Because it defines standard XML-based conventions for representing requests, responses, and the information contained in each, SOAP is both simple to understand and powerful to use. And because its messages can be carried on standard HTTP requests, SOAP gets around the problems with firewalls that bedevil other distributed object protocols. Firewalls can still be configured to block SOAP requests if desired, as they can for any other protocol. But allowing SOAP calls through does not require opening up a range of ports, as is typically the case with other distributed object protocols.

A More Detailed Look

The preceding example, while entirely valid, is relatively simple. There's more to SOAP than shown so far, and the following section describes a few other features of the protocol.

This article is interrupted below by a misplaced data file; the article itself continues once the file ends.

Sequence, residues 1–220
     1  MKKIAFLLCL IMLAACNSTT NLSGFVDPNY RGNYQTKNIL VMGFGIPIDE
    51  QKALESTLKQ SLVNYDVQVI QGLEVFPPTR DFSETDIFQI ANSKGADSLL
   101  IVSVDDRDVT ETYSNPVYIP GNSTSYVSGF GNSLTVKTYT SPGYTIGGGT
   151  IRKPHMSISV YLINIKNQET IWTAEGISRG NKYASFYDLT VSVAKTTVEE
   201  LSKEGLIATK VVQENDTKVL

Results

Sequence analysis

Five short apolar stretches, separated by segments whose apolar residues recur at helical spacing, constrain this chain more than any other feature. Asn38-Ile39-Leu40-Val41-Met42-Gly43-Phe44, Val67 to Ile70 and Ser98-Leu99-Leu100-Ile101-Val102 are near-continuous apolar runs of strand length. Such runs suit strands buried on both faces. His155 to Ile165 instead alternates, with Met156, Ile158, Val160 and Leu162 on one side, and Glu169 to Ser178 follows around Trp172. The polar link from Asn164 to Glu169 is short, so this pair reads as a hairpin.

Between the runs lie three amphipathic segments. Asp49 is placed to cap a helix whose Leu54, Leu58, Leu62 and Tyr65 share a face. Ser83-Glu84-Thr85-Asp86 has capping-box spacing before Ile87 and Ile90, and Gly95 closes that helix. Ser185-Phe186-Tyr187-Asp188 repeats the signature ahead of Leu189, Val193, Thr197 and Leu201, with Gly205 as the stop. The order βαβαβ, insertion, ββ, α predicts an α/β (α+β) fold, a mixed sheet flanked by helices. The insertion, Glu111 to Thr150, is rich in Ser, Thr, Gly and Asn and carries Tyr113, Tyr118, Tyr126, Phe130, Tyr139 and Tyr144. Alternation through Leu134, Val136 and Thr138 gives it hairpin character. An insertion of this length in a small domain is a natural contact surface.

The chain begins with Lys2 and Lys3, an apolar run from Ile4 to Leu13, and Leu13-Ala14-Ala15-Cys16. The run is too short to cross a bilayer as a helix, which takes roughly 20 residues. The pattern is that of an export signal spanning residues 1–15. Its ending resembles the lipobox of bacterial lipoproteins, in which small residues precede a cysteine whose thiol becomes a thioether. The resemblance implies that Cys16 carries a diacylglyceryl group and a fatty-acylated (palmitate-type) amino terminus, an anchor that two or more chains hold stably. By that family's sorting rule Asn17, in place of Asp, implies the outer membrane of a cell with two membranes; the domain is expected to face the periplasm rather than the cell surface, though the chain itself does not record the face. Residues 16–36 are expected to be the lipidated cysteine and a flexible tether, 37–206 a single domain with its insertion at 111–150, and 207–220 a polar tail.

Defining Types

Requests and responses contain data representing a method's parameters and results. To pass this information, SOAP must define a way to represent various data types. Toward this end, SOAP defines two categories of types: compound types, each of which has distinct, named parts; and simple types, which do not have named parts. Arrays and structures are compound types, for example, while integers and strings are simple types. For simple types, SOAP uses the types defined in the "Specific Datatypes" section of the XML-Data Specfication (http://www.w3.org/TR/1998/NOTE-XML-data). For compound types, SOAP defines its own XML-based representations.

The types defined for use with SOAP include the following: